What are the Ealing Comedies?


In the years following World War II, English film studio Ealing created a number of comedies which, despite the fact not all remain overwhelmingly popular with today’s modern viewing audiences, are still genuinely regarded as treasured English classics among cinephiles. The films spanned the lively and modest, to black comedies of the darkest variety, heavily cynical, all equally hilarious in their sophisticated sincerity. Among the renowned Ealing comedy classics were The Ladykillers (1955), The Man in the White Suit (1951), and the one with arguably the broadest legacy from the style despite its difference from much of its company, Kind Hearts and Coronets (1949).

Ealing was not a comedy-specific studio during the era, having also produced films like It Always Rains on Sunday (1947), a crime drama, and the docudrama Scott of the Antarctic (1948) about Robert Falcon Scott’s journey to the south pole. But it is their comedies that have maintained as the public image of Ealing throughout the generations. As Roger Ebert summarized in his Great Movies entry on Kind Hearts and Coronets, “there emerged from the Ealing Studios of England a series of comedies so dry and droll, so literate and cynical, that the phrase ‘Ealing comedy’ described them and no others.”

The 1939 film Cheer Boys Cheer, a story of a rivalry between two brewing companies, a big conglomerate versus a small and traditional brew house, has been characterized as an Ealing prototype of their later comedy films that followed the war. As it is, Hue and Cry (1947) is largely considered the first of the “Ealing Comedies,” finishing with either Barnacle Bill or Davy, both released in 1957.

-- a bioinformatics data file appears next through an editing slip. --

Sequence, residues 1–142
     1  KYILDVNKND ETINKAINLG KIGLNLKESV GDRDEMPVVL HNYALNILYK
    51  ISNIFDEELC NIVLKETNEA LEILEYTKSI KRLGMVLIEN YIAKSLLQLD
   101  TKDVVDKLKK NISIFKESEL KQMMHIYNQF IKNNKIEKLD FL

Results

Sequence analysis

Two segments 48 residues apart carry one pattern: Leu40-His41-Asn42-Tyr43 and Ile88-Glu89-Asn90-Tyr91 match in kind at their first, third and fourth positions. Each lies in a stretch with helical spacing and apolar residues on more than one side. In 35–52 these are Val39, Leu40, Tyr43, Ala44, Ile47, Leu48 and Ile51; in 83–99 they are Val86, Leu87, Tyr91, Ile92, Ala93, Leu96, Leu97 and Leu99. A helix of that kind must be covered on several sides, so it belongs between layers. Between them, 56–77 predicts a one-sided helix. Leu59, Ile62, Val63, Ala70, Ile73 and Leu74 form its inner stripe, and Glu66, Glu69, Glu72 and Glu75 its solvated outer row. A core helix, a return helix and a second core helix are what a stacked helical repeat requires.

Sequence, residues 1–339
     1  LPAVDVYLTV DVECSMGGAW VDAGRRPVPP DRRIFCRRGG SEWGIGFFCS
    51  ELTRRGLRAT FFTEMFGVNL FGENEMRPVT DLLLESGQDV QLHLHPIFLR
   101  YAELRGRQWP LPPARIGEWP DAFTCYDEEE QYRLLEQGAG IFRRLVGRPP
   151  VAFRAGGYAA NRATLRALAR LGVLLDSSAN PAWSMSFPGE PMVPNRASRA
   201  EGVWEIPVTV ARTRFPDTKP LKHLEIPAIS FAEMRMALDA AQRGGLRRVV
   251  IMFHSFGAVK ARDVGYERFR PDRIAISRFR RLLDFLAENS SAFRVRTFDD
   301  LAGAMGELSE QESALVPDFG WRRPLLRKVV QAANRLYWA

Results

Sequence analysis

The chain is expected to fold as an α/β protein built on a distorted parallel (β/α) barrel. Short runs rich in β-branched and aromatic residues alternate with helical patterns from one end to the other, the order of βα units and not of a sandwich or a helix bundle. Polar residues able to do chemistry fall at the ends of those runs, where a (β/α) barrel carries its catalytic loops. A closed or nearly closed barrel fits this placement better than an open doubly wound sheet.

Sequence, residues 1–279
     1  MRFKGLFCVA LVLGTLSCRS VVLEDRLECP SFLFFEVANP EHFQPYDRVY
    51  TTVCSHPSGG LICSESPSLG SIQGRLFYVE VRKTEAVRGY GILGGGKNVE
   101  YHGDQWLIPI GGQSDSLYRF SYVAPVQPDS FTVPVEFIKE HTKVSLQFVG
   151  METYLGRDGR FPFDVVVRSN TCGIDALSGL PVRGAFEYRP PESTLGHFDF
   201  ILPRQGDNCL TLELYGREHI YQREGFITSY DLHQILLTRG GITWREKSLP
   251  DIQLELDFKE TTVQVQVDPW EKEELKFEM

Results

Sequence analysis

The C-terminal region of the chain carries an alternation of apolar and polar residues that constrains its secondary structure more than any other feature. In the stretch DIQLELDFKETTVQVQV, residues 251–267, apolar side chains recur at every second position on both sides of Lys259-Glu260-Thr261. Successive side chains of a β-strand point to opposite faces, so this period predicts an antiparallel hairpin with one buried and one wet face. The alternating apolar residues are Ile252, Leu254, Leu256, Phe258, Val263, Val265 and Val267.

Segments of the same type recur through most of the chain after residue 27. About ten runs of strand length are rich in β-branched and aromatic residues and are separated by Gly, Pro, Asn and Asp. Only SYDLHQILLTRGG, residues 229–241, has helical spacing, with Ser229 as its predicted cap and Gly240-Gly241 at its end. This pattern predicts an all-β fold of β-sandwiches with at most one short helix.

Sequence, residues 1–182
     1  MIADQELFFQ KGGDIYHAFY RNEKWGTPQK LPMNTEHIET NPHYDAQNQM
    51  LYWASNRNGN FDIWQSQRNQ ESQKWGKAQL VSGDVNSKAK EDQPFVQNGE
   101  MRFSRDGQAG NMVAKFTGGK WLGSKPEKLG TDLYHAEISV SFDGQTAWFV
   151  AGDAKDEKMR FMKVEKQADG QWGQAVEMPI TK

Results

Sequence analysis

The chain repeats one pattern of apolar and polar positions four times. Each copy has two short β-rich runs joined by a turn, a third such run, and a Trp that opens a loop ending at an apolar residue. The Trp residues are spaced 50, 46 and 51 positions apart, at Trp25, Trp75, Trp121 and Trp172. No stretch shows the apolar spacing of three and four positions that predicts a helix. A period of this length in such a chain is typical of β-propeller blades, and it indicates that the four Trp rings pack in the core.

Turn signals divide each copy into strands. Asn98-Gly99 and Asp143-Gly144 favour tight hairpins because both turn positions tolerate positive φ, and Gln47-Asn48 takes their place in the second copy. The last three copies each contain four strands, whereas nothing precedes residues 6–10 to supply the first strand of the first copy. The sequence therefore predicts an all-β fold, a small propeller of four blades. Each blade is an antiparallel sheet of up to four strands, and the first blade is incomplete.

The films chided the idiosyncrasies of English institutions. Ealing producer Michael Balcon stated, “If you think about Ealing at those times, we were a bundle…(I’m not saying this in any critical sense), we were middle-class people brought up with middle-class backgrounds and rather conventional educations. Though we were radical in our points of view, we did not want to tear down institutions: this was before the days of Marxism or Maoism or Levi-Strauss or Marcuse. We were people of the immediate post-War generation, and we voted Labour for the first time after the war; this was our mild revolution. We had a great affection for British institutions: the comedies were done with affection, and I don’t think we would have thought of tearing down institutions unless we had a blueprint for what we wanted to put in their place. Of course we wanted to improve them, or to use a cliché of today, to look for a more just society in the terms that we knew. The comedies were a mild protest, but not protests at anything more sinister than the regimentation of the times.”

The famed “Ealing Comedies” only totaled about one tenth of the studio’s total film output, yet for them the studio is most remembered. The studio where Ealing shot still operates today, existing as the oldest continuously working studio facility for film production in the world, having been recently used for the respected English film The Theory of Everything (2014), and regularly by period drama series Downton Abbey (2010), which films its interior scenes at the studio.